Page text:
CliffsNotes Rand's Anthem

By Andrew Bernstein | Go to book overview

Chapter 4

Summary

Many days pass before Equality 7–2521 speaks again to the Golden One. He tells her that, in his private thoughts, he does not think of her as Liberty 5–3000. She replies that she does not think of him as Equality 7–2521 and has also given him a personal name: The Unconquered. When he reminds her that such thoughts are forbidden, she answers that he thinks them and that he wishes her to do the same. “Yes,” he whispered. “Our dearest one, do not obey us.” She steps back, stunned at his words, her eyes wide. “Speak these words again,” she says. “Our dearest one.” Never, he thinks, have men said this to women.


Commentary

Equality 7–2521 and the Golden One discover the meaning of love in a society utterly devoid of it. Love, the author shows, is a response to personal values. Equality 7–2521, a scientist, is a thinker, a man who values his own independent judgment over the unthinking conformity of the crowd. He values this quality in others, such as his friend, Independence 4–8818, who draws, even though it is forbidden for all except those at the Home of the Artists. Similarly, he values the proud posture and haughty demeanor of the Golden One, because these outer characteristics indicate a spirit that refuses to obey. Her independence of spirit, even more than her physical beauty, attracts Equality 7–2521. Indeed, part of the beauty that shines in her face and from her eyes is the outward reflection of the freespiritedness that forms the essence of her character. Similarly, because her spirit is unbowed, she prizes this attribute in Equality 7–2521 and names him The Unconquered.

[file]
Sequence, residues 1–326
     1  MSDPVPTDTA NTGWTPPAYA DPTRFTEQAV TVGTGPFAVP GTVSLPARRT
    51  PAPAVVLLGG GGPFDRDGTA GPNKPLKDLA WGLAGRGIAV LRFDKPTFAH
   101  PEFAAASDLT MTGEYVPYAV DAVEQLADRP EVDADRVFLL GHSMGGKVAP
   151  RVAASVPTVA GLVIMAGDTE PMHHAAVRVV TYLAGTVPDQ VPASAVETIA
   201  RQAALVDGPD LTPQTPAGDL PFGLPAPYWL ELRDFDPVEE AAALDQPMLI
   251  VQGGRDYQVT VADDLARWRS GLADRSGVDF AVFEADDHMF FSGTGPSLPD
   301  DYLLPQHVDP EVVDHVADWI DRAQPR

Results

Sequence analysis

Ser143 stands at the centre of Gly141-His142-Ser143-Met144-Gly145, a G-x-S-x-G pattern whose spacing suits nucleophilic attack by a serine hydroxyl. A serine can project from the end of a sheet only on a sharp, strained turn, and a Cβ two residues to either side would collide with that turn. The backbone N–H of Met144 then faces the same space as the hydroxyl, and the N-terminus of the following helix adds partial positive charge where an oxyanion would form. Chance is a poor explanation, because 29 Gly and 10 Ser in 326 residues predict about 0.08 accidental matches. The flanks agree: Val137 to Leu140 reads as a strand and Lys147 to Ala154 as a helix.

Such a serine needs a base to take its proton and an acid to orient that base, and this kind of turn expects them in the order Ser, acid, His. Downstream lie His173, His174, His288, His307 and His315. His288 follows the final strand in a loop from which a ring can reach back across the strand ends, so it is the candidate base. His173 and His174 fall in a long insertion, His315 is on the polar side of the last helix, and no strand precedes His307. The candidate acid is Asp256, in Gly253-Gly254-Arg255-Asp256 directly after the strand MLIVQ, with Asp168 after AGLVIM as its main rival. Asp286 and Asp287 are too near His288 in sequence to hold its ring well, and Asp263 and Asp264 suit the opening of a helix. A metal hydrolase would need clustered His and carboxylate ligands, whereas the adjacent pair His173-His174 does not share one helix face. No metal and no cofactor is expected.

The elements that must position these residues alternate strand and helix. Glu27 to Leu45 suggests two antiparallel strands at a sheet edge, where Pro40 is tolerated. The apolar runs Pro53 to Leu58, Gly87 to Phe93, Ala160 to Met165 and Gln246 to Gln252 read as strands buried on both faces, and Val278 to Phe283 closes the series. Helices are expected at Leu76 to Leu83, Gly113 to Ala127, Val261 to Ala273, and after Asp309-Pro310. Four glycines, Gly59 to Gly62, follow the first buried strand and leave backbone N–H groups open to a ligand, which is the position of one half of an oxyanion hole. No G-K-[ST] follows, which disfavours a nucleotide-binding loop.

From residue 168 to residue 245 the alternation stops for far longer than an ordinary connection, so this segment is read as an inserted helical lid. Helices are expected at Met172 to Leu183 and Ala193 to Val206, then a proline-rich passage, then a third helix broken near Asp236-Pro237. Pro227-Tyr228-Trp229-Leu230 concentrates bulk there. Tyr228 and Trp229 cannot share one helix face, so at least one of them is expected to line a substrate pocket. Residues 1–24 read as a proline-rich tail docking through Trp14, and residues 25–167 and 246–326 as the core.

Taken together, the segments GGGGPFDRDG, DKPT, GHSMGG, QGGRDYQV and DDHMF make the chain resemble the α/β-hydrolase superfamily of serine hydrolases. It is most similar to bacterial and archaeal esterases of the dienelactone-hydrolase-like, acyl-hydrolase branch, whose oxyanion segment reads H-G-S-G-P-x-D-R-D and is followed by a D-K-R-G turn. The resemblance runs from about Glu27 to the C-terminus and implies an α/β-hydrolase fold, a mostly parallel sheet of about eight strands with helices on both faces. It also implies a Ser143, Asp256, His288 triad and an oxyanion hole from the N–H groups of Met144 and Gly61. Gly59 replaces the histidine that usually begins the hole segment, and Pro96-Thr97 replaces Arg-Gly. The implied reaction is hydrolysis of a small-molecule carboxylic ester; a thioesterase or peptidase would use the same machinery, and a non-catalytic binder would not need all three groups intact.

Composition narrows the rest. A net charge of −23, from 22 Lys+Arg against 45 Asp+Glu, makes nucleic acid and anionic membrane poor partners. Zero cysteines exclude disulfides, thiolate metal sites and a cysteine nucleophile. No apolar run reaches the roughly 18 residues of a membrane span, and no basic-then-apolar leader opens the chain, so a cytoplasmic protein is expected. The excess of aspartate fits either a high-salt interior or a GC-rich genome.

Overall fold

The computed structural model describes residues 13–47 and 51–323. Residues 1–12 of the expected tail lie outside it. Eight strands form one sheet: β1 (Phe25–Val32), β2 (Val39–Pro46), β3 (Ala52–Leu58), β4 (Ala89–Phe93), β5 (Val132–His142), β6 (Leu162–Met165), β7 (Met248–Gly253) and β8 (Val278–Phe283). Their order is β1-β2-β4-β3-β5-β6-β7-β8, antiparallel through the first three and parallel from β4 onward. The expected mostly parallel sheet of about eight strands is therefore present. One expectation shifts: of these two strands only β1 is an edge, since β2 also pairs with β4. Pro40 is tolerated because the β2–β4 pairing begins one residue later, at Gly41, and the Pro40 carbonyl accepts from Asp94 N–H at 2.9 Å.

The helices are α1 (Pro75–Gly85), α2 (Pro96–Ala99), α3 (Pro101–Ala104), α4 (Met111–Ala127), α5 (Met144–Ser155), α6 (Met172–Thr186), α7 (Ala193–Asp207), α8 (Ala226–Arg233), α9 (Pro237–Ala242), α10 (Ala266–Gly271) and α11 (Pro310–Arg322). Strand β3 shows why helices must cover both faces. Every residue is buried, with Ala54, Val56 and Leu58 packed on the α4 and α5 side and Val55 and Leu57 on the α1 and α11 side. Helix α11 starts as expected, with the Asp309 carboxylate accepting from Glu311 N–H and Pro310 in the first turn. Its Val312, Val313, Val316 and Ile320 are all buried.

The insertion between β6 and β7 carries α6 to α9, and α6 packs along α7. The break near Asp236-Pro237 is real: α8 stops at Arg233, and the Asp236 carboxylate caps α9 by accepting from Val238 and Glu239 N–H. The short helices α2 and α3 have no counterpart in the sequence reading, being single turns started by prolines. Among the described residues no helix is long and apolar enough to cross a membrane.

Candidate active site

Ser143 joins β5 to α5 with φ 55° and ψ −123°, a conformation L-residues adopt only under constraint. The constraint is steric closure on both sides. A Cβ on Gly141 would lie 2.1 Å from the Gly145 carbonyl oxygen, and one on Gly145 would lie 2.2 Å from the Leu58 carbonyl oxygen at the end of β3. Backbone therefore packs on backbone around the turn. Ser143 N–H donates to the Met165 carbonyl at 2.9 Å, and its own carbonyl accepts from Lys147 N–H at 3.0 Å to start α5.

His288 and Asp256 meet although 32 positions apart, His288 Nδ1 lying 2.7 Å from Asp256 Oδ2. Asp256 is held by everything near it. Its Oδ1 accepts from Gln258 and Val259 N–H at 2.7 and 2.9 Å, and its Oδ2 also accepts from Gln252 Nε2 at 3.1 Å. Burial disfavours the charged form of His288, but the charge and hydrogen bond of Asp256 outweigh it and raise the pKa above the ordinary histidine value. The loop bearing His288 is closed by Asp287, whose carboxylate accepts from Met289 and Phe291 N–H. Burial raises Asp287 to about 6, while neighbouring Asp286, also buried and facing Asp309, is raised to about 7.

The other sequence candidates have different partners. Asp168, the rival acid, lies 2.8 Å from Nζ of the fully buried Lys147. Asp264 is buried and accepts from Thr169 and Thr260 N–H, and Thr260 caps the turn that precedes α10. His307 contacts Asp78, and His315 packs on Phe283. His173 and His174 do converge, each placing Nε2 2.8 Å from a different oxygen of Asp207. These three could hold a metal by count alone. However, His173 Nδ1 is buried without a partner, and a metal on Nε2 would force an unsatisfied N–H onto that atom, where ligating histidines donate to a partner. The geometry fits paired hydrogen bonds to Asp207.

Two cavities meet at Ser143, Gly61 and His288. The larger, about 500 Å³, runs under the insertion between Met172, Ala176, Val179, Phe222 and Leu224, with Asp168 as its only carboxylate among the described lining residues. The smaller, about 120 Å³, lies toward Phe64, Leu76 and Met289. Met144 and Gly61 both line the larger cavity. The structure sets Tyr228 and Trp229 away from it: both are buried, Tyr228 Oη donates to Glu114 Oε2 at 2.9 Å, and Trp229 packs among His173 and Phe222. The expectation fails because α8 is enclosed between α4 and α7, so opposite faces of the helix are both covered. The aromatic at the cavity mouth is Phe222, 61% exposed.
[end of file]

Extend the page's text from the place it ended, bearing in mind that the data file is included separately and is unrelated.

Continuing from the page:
Equality 7–2521 values scientific research and the independent mind that conducts the quest for timeless truth. These are the values most important to him. And he loves both Liberty 5–3000 and Independence 4–8818 because they embody such independence in their characters. Only men and women who hold personal values are capable of loving. The herd of conformists, who have relinquished their minds to the state, are incapable of experiencing this profoundly

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CliffsNotes Rand's Anthem
Table of contents

Table of contents

  • Title Page *
  • Table of Contents iii
  • How to Use This Book vi
  • Life and Background of the Author 1
  • Introduction to the Novel 5
  • Critical Commentaries 16
  • Chapter 1 17
  • Chapter 2 22
  • Chapter 3 26
  • Chapter 4 28
  • Chapter 5 30
  • Chapter 6 32
  • Chapter 7 34
  • Chapter 8 37
  • Chapter 9 39
  • Chapter 10 42
  • Chapter 11 44
  • Chapter 12 50
  • Character Analyses 56
  • Critical Essays 64
  • CliffsNotes Review 77
  • CliffsNotes Resource Center 81
  • Index 84
  • Ayn Rand Essay Contests 88
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